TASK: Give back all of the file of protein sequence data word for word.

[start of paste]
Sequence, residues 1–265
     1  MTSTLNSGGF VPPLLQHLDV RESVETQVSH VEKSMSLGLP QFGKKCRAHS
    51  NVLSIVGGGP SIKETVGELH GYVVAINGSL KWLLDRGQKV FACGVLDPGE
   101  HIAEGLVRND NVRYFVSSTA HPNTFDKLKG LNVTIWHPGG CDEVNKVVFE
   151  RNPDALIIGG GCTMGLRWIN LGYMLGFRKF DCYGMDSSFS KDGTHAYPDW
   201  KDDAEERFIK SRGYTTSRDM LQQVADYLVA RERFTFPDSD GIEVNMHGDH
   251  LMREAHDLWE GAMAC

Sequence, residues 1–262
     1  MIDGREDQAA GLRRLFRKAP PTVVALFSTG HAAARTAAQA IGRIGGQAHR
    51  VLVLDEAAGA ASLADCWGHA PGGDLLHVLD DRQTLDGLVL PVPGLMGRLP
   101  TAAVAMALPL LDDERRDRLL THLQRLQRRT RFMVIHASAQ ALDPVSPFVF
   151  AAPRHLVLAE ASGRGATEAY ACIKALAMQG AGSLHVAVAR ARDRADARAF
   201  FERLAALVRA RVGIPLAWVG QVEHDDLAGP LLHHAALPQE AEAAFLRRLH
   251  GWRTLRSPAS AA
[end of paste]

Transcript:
Sequence, residues 1–265
     1  MTSTLNSGGF VPPLLQHLDV RESVETQVSH VEKSMSLGLP QFGKKCRAHS
    51  NVLSIVGGGP SIKETVGELH GYVVAINGSL KWLLDRGQKV FACGVLDPGE
   101  HIAEGLVRND NVRYFVSSTA HPNTFDKLKG LNVTIWHPGG CDEVNKVVFE
   151  RNPDALIIGG GCTMGLRWIN LGYMLGFRKF DCYGMDSSFS KDGTHAYPDW
   201  KDDAEERFIK SRGYTTSRDM LQQVADYLVA RERFTFPDSD GIEVNMHGDH
   251  LMREAHDLWE GAMAC

Sequence, residues 1–262
     1  MIDGREDQAA GLRRLFRKAP PTVVALFSTG HAAARTAAQA IGRIGGQAHR
    51  VLVLDEAAGA ASLADCWGHA PGGDLLHVLD DRQTLDGLVL PVPGLMGRLP
   101  TAAVAMALPL LDDERRDRLL THLQRLQRRT RFMVIHASAQ ALDPVSPFVF
   151  AAPRHLVLAE ASGRGATEAY ACIKALAMQG AGSLHVAVAR ARDRADARAF
   201  FERLAALVRA RVGIPLAWVG QVEHDDLAGP LLHHAALPQE AEAAFLRRLH
   251  GWRTLRSPAS AA